After ceding market share to AMD in PCs for several quarters, Intel regained some territory in the fourth quarter last year thanks to improving CPU capacity, even as its x86 rival continued to grow.
Intel’s market share growth was largely due to the chipmaker increasing manufacturing capacity for lower-end processors such as Celeron and Pentium, though growing sales of Core i5 and Core i7 processors also played a role on the desktop side, according to Dean McCarron of Mercury Research, a firm that produces a quarterly x86 CPU market share report based on shipments.
This allowed Intel’s share in laptops to grow 1.2 points to 81 percent against AMD while its desktop share grew 0.8 points to 80.7 percent, according to Mercury Research’s report for the fourth quarter of 2020.
The result is that Intel grew market share for x86 CPUs overall by 0.7 points, bringing it to 78.3 percent. (The report does include sales from Via, a much smaller chipmaker, but its share in the market rounds to zero in all segments but desktop, McCarron said).
McCarron said Intel’s increased sales of lower-end processors — or “small core” products, as Intel sometimes calls them — corresponds with the chipmaker bringing on new manufacturing capacity in the second half of last year to address CPU shortages in that area. Prior to the expansion, Intel had prioritised higher-end processors, like the Core and Xeon families, which created backlogs in demand for laptops and PCs with lower performance requirements.
However, McCarron said, Intel would have likely been able to sell even more small core products if its manufacturing capacity was even higher.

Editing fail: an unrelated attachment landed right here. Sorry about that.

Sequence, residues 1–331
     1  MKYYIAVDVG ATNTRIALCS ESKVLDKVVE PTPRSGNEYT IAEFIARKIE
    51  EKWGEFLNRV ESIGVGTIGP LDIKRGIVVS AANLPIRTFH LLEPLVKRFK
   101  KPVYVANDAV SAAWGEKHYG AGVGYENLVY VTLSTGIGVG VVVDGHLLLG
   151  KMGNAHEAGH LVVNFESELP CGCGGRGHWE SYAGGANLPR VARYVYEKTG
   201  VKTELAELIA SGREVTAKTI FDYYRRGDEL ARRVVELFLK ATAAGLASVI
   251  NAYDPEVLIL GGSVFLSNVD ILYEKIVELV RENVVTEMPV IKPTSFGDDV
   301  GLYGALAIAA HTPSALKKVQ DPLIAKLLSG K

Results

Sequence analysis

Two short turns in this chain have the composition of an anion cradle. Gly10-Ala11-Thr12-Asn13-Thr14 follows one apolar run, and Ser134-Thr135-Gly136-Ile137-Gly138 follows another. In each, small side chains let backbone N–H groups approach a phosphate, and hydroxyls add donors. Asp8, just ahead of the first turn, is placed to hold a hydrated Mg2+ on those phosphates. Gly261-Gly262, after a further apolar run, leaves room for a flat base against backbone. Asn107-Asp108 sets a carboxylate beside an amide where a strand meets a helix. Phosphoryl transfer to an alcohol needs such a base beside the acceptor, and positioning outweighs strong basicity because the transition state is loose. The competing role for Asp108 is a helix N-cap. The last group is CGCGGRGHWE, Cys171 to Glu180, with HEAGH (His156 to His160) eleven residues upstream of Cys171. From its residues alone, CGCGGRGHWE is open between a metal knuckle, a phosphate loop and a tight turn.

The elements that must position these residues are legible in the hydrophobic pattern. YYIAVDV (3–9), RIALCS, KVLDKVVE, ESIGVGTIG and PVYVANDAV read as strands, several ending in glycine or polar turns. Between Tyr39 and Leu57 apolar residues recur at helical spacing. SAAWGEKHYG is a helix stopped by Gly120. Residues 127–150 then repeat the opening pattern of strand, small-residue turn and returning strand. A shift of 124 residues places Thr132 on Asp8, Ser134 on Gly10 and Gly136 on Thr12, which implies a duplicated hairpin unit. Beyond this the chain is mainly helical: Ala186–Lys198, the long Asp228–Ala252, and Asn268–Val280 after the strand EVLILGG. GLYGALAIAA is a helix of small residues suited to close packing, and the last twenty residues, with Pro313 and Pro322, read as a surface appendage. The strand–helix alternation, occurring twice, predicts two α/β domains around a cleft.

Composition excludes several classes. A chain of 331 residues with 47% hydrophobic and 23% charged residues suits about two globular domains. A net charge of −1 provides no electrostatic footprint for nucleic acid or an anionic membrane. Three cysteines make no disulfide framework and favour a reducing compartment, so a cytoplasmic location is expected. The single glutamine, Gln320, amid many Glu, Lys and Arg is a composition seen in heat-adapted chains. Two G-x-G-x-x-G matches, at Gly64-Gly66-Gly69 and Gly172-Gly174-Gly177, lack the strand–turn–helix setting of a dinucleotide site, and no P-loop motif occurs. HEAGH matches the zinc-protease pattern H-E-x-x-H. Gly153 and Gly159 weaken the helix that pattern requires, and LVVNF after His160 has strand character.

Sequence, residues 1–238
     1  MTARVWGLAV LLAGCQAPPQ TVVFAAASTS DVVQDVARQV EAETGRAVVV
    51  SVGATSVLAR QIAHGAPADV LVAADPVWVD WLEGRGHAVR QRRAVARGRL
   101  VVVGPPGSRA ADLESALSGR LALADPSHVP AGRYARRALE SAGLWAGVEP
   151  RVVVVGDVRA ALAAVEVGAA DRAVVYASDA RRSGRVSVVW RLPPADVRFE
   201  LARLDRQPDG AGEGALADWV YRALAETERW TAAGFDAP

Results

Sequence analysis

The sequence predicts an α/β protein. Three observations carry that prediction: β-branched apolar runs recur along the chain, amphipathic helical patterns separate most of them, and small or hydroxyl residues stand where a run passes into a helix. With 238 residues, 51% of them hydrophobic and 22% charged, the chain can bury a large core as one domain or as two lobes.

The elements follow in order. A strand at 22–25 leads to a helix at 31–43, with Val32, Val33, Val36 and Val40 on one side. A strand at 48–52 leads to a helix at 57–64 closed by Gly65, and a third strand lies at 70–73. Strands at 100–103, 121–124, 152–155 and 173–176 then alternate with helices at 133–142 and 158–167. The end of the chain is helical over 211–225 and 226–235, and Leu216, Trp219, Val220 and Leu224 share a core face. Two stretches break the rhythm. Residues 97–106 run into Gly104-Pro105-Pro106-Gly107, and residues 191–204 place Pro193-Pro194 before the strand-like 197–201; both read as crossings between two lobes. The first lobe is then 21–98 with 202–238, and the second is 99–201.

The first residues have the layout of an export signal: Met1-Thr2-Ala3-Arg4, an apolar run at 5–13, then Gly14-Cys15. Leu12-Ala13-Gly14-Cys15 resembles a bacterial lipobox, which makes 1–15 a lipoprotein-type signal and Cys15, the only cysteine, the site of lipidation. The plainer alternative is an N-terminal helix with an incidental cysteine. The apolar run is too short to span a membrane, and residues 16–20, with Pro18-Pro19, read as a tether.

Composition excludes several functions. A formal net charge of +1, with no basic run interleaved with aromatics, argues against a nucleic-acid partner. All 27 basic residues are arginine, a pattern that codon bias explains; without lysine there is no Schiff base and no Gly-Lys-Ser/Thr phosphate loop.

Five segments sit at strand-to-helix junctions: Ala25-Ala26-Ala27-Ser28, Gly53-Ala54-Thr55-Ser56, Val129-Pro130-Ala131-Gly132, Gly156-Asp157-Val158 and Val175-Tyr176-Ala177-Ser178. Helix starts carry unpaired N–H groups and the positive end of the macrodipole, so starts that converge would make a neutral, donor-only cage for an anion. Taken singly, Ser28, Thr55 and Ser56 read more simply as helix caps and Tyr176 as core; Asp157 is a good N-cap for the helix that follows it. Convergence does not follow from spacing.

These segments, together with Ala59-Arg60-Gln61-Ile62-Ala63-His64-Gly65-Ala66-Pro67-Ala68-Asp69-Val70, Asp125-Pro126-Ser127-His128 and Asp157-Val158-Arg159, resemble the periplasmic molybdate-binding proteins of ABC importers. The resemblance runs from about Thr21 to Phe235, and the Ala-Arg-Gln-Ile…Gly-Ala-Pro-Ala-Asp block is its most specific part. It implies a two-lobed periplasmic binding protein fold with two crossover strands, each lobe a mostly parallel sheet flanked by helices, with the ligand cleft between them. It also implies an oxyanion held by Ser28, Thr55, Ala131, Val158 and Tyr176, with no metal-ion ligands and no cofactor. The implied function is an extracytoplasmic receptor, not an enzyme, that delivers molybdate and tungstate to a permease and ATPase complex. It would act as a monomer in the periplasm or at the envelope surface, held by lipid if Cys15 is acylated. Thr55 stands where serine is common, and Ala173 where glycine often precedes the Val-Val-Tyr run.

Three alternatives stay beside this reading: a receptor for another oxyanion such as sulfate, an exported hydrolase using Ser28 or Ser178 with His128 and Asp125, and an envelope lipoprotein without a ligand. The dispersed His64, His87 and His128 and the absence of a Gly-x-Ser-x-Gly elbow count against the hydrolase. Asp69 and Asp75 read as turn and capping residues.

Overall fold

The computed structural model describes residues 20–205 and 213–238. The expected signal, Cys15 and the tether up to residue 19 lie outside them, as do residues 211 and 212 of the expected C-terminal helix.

“If they had more product to sell, they could have sold it,” he said. “I have no doubt that some of that backlog did get worked off.”
But the latest market share numbers didn’t necessarily mean bad news for AMD. While Intel stunted AMD’s share growth story in PCs, the chipmaker ended 2020 with a 6.2-point increase in overall x86 market share against Intel over the previous year, bringing its share to 21.7 percent.
AMD did see sequential market growth in one area, netting an additional 0.5 points in servers, bringing its share to 7.1 percent in that market, thanks to the new EPYC Milan processors and previous-generation EPYC Rome processors, according to McCarron. (AMD claimed that it reached double-digit server market share last year, but the claim is based on a smaller market calculated by IDC that only includes traditional single-socket and dual-socket servers and not servers for network and storage.)
While AMD lost some market share to Intel in PCs sequentially, the company still saw a lot of growth in desktops and laptops, according to McCarron, just not as much as Intel.
“This is an Indy 500 race, where both cars are going over 200 miles an hour, and one’s going a little faster,” he said.
Case in point: McCarron called Ryzen 5000 desktop processors, which came out last fall, the company’s biggest launch in the category and said they out-shipped the previous-generation Ryzen 3000 CPUs by more than two times, resulting in close to a million units shipped in the fourth quarter.
“The Ryzen 5000 ramp was absolutely breathtaking,” he said. “It’s not only a record ramp. It’s unprecedented in AMD’s history.”
In contrast to Intel, AMD saw its desktop and laptop CPU revenues in the fourth quarter increase both sequentially and year-over-year, according to its latest earnings. However, while strong Ryzen desktop processor sales drove the average selling price for processors higher sequentially, laptop processor sales dragged it down in comparison to the same period in 2019.
McCarron said AMD saw growth in lower-end processors like Intel, which was the result of the chipmaker increasing capacity in that area. The processors driving growth in the low end were AMD’s A4 and A6 CPUs, code-named Stoney Ridge, and its Athlon CPU, code-named Dali, which grew in shipments by more than 25 percent.
However, AMD CEO Lisa Su recently admitted that the company did see some supply constraints, primarily for entry-level processors, which prevented AMD from growing faster than it already did in what was a record-setting fourth quarter. In AMD’s most recent earnings call, Su said she expected the shortage to continue through the first half of 2021 as manufacturing partners build more capacity.
“It’s fair to say that the overall demand exceeded our planning, and as a result, we did have some supply constraints as we ended the year,” she said.